There was a time not long ago when if you wanted to meet the leading jockey of every New York Racing Association individual meet dating back to 2016, you could accomplish the task by inputting a single address into your GPS.
As a seven-pound apprentice, jockey Manny Franco made his professional debut at Parx on March 4, 2013 when third with Girl Wando. In his next start, he would finish fourth aboard Circadia in Race 2 on March 9 of that year at Aqueduct Racetrack that was notable only for it being Franco's first mount at a NYRA track.
Franco would not get a win that day - his first U.S. based win would not come until nearly two weeks later on March 22 at the Big A - but Franco was able to lay a foundation for the start of a successful career, thanks in part to what awaited him when he returned home that day, and many others, during the next two years.
Brothers and fellow jockeys Jose and Irad Ortiz, Jr. were already regulars on the NYRA circuit and invited Franco to room with them, as the trio knew each other previously, with Franco hailing from Carolina, Puerto Rico and the Ortiz brothers calling Trujillo Alto, Puerto Rico home. The three of them also had trained at Escuela Vocacional Hípica, the state-run jockey academy that operates at the Hipódromo Camarero.
"They were a big help because when I first came here, I was staying with my agent, but I was still mostly alone. So, when they offered for me to move in with them, I said OK," Franco said. "I was lucky they were there before me. I moved into the house and they helped me a lot. We'd go back to the house and watch the replays and we'd talk about the races every day."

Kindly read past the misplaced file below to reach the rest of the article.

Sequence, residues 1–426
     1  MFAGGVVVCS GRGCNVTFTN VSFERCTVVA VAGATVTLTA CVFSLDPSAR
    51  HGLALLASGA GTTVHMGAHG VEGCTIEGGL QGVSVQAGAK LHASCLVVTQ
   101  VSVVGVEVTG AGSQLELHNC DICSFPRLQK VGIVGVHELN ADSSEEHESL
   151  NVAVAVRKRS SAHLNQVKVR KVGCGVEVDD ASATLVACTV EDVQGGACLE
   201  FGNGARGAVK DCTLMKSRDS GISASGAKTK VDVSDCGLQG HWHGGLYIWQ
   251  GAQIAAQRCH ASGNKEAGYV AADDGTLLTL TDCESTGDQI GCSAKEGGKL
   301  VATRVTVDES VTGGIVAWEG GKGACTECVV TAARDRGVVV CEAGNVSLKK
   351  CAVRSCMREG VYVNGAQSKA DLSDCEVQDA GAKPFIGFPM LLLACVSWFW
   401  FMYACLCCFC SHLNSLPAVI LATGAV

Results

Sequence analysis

Franco, who will turn 24 in December, is younger than Jose Ortiz, the reigning Eclipse Award-winning jockey, by almost a full year and is nearly two years younger than Ortiz, Jr., who by 2013 had already captured the 2012-13 Aqueduct inner track meet.
Since staying with the Ortiz brothers - they all now have their separate accommodations - the troika has each made a significant impact riding in one of the world's most competitive jockey colonies. The three of them have won at least a share of every single individual riding title at NYRA since 2016, with Franco earning his first career crown when he registered 61 wins at the 2018 Aqueduct winter meet.
With racing set to resume at the Big A for the 23-day fall meet on Friday, November 2, Franco said he welcomes the chance to return to the track that helped propel a successful campaign. The historic site, which features a 1 1/8-mile main track in Ozone Park, can be challenging for riders, who must battle through the often cold and windy conditions.
"I'm very excited because I won my first riding title at Aqueduct and I hope that this year will be better," Franco said. "I just wear the [winter] gear and work hard every day; just get out there in the morning. I think that's the key. When you win, you don't feel the cold."
Franco's agent, Hall of Fame jockey Angel Cordero, Jr., said that riding title has helped him continue to secure quality mounts for Franco, including aboard Discreet Lover, who won the Grade 1 Jockey Club Gold Cup at 45-1 on September 29 at Belmont.
"He works hard and he never complains. He has all the tools," said Cordero, Jr., who won 7,057 races in his career and is a 1988 Hall of Fame inductee. "He's young and he's talented. People like him; he's very professional and he rides with a lot of energy. He rides the first race the same as he does the last. He's learning every day, and it's tough in New York because it's a tough colony of riders.